It’s not often that you get to introduce someone to a food they’ve never tasted before. The last time I had someone surprise me with a new taste was when my best friend, Ceres (very Greek and the queen of foods you’ve never tried before), gave me an Asian Pear. It looked like an apple, tasted like a cross between a melon and concord grapes, and had a sweet fragrance with a juicy crunch.
Last week, I had the fun of introducing another friend to the delectable taste of a ruby-red pomegrante. Her face lit up with delight as she savored the distinctive sweet and sour taste that exploded on her tongue in a short burst of flavor.
Pomegranates are Cait’s and my absolute favorite fruit in the whole entire world. Sadly, they are only available around here late fall and early winter. They’re on the expensive side, but they’re worth the splurge.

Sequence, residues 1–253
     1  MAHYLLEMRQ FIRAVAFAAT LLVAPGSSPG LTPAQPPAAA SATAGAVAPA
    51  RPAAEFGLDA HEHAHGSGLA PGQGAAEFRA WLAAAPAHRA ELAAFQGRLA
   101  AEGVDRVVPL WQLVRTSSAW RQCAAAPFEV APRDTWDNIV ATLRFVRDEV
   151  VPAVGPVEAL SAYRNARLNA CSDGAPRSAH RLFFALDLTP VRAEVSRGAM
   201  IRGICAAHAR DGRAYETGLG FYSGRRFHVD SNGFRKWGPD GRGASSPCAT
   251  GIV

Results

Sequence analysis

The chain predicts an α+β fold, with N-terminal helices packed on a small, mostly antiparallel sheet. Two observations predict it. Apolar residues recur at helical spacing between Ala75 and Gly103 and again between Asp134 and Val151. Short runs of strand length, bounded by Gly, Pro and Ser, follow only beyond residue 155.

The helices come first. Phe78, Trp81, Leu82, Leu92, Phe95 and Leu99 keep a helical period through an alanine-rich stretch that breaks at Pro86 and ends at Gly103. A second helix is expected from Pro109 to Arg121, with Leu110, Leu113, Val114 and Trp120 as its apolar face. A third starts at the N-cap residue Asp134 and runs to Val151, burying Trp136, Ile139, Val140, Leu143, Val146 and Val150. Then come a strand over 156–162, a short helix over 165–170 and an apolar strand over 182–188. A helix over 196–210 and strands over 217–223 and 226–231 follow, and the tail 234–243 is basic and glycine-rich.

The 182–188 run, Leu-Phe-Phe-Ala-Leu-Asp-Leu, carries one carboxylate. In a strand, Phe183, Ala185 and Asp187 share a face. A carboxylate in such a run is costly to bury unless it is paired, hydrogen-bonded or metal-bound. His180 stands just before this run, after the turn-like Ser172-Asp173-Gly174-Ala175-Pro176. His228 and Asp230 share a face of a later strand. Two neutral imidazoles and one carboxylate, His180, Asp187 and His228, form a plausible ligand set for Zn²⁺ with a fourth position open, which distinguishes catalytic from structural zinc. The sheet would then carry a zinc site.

The trick for most people is in figuring out how to open and eat the darn things. There are almost as many ways as there are people who like to eat them. This is how we do it.
STEP 1: Cut out the flowery end, so that it comes out in a cone-shape.
STEP 3: Break the sections of the fruit open.
STEP 2: Score through the skin in four sections.
STEP 4: Eat and enjoy!
Tips & Warnings
- A ripe pomegranate is ruby red (not pink), and smooth (not leathery) and firm to the touch. It should feel heavy.
- The seeds are edible. Just pop a couple in your mouth and crunch away. Don’t waste your time trying to suck the juice off the seeds and then spit them out. It’ll drive you crazy.
- There’s a paper (rather than cloth) napkin in each photo for a reason. The juice of a pomegranate STAINS, and it’s a nearly impossible stain to get out. So pull open and eat carefully.
- You can do all of the above steps while keeping the pomegranate submerged in a bowl of water. This keeps the seeds from squirting and staining. The seeds will sink to the bottom and the pithy white (not edible) will float to the top.